Specifically at the national headquarters level, the assessment results for six main divisions were surprisingly positive. If we link these scores to the high level of public trust in the police force, we can conclude that the police manage to pull positive outcomes out of the bag when things are tougher by tapping external resources, networks and connections. Even though its resources don’t match its needs, the INP is able to perform its functions. So, in terms of internal reform, the INP has shown gradual improvement, even though performance may not be the driver of increased public trust.
The people count
After we analyzed differences, we analyzed qualitative findings from three years of research. There are three main factors causing variations in police performance: the monopoly of service, level of public demand and socioeconomic factors of the surrounding population. We linked these factors with the level of public trust and arrived at the following conclusions.
First, the INP is the only institution in Indonesia that can provide security. If there were other options the level of public trust would be a lot harder to achieve or restore. Second, it is interesting to note that surveys from outside of Java indicate that people in those areas have greater trust in the police. This essay suggests that those results correspond to crime rates, population density and education levels. It seems that population density affects demand for public services. This also affects the level of public trust in the police.
Third, socioeconomic factors such as income and education levels also determine the public’s benchmark for service quality. The higher the status of a particular socioeconomic group, the higher the public expectations. What this means generally is that in urban settings, people want fast, clean and modern services, while people in rural areas tend to accept whatever they get because they have no options.
It seems that population density affects demand for public services. This also affects the level of public trust in the police.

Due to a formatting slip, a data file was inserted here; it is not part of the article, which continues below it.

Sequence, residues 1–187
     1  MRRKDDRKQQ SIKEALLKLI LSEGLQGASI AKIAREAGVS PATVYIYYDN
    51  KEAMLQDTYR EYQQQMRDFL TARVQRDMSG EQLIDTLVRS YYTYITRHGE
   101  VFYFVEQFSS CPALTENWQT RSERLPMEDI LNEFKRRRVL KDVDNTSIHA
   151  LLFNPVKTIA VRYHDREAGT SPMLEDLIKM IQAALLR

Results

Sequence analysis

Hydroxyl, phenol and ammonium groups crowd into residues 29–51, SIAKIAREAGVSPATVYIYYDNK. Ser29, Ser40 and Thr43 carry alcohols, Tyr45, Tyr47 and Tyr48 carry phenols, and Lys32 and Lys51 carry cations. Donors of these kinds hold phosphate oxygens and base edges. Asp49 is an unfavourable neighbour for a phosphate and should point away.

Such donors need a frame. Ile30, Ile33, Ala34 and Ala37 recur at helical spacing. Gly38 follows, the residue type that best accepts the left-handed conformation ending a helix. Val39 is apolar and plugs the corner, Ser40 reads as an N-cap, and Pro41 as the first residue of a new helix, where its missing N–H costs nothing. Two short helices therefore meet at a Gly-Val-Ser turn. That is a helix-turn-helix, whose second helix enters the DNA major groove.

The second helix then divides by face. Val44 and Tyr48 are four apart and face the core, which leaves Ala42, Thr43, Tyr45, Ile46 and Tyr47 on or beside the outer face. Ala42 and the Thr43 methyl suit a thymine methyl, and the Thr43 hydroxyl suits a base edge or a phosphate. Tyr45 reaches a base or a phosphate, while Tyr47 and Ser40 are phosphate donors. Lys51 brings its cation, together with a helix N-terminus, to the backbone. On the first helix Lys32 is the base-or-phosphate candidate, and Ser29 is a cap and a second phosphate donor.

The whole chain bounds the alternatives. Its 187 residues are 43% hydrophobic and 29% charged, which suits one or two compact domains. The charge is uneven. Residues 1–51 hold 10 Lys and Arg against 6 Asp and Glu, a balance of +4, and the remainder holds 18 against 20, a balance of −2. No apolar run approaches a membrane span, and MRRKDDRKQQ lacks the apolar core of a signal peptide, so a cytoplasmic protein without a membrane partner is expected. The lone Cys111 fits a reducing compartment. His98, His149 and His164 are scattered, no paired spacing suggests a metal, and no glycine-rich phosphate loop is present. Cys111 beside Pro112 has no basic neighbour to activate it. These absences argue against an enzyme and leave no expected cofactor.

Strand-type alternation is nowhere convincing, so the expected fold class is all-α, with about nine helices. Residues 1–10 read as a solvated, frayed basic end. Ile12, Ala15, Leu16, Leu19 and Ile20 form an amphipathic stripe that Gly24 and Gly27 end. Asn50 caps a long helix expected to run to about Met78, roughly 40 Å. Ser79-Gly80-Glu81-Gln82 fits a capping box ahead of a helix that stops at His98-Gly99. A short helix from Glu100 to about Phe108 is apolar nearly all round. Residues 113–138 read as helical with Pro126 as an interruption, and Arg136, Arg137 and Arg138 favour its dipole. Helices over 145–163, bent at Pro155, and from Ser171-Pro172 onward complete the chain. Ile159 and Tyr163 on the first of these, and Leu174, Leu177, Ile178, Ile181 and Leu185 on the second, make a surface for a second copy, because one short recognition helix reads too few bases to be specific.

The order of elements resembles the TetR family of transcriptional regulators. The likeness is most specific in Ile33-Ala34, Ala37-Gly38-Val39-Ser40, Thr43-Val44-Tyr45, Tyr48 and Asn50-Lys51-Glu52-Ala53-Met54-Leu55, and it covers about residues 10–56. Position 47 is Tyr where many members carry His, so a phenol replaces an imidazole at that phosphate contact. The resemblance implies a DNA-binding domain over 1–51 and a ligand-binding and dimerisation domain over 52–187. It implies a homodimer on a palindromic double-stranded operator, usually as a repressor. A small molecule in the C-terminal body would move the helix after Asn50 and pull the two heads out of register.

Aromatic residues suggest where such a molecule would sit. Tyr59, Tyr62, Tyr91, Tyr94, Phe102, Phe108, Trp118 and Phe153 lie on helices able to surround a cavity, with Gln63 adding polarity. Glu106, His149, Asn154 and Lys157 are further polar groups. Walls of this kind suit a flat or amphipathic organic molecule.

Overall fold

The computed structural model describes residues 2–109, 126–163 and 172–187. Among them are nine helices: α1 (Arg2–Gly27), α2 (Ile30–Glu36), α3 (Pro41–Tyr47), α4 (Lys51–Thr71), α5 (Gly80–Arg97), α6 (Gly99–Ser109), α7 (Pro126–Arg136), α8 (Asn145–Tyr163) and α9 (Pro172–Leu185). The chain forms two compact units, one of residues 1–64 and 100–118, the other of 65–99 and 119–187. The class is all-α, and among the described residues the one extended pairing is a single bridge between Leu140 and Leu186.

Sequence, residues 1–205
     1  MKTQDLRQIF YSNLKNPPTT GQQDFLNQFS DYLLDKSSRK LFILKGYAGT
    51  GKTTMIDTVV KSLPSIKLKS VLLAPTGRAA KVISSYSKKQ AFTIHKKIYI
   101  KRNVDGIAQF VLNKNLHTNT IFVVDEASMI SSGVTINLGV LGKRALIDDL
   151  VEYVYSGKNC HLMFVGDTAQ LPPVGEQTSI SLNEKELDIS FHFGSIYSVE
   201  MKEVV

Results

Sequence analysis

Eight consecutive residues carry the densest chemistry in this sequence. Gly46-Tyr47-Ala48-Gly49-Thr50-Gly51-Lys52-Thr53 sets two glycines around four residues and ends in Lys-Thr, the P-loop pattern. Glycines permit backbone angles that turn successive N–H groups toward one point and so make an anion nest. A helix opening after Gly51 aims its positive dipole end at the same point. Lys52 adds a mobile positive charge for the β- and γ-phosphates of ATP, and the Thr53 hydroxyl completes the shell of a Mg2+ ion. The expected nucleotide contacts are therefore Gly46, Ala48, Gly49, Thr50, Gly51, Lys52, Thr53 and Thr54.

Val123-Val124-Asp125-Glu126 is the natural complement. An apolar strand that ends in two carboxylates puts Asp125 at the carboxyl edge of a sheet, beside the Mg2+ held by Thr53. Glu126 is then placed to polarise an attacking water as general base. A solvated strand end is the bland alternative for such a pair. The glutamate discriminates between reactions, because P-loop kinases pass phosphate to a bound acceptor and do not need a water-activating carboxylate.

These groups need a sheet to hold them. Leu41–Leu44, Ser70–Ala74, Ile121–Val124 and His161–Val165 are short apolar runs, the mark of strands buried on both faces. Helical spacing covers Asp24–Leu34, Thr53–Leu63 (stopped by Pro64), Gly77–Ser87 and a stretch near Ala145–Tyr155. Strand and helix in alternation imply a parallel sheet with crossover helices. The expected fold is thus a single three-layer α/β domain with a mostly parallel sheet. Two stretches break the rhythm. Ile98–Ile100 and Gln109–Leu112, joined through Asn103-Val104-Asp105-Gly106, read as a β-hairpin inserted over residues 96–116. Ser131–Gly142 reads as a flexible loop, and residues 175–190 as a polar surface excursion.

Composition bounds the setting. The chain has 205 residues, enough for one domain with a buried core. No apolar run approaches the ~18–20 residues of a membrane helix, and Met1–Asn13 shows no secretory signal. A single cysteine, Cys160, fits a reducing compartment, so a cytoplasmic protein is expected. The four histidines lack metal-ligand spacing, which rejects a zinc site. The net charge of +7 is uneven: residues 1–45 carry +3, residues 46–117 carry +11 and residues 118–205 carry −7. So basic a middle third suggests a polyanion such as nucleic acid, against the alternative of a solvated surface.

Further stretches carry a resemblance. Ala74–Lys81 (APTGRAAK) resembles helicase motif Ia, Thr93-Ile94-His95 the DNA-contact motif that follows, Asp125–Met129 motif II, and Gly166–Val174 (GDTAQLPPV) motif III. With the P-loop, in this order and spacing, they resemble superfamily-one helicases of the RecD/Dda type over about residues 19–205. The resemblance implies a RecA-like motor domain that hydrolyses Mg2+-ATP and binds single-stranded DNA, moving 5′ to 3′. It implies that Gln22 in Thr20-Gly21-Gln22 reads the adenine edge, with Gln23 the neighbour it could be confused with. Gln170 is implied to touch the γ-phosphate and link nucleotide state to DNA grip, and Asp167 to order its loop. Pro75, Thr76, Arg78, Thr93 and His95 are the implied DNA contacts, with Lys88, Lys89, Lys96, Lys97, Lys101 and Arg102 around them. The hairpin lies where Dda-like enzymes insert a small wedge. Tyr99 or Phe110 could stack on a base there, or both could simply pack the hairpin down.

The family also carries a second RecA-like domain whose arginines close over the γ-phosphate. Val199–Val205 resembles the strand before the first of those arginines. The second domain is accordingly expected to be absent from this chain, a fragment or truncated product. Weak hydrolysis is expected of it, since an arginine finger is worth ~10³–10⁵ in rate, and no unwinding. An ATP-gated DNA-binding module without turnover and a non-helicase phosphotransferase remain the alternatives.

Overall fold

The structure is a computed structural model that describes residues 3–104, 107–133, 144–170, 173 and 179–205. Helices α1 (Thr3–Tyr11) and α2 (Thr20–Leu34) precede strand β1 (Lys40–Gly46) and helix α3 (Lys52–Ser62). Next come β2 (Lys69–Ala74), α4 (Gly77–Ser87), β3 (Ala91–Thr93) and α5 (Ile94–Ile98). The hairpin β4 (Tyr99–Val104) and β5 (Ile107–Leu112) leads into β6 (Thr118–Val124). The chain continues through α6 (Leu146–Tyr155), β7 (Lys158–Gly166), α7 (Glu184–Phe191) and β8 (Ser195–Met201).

In this case, the urban benchmark is higher than in rural areas. People in cities expect police public services such as issuing driver’s licenses and police clearance letters to be of the same quality as banking services. In rural areas, the public complains less and just accepts the level of service given to them. In short, reforming the police also involves reforming the mind-set of the Indonesian people surrounding them.
Reforming internal human resources
Besides external factors, one of the main problems in changing the Indonesian National Police’s work culture is its human resources problem. Many problems and conflicts arise due to inadequate attention to and appreciation for both units and individuals. The INP is an enormous government agency. With more than 450,000 officers it has automated mechanisms that allow the INP to be self-sufficient and self-managed, but also leave it isolated. This culture has hampered INP efforts to effectively address current and future sociopolitical problems.
The police need to be swifter and leaner at the top. Many of the INP’s middle-ranking officers are in stagnant positions due to unplanned and unclear career paths. Given this, the INP needs to focus on human resource management – and even halt recruitment if necessary.
Time to reach out
To create a better police force, public trust should not be measured only by the number of bad guys caught, but also by the extent the INP adopts performance-based systems. The INP must broaden its research and publications through strategic cooperation with civil society organizations, the media and
universities, to build an internal meritocracy. The INP is an organic organization that relies on people’s values. This is a mutually symbiotic relationship but the INP holds the key to changing the culture.
By transforming the organization, the INP actively creates new products, new supplies and new approaches. The role of society is important in shaping the work culture of the police. No matter how good the internal reforms, the changing perspective of society is far more influential. Later, the public will gradually demand the INP invest more in advanced systems such as early detection in conflict-prone areas to anticipate breakouts of radicalism and extremism, high crime rates and other challenges. Only with well-informed citizens and responsive government can the path toward democratic policing be plausible.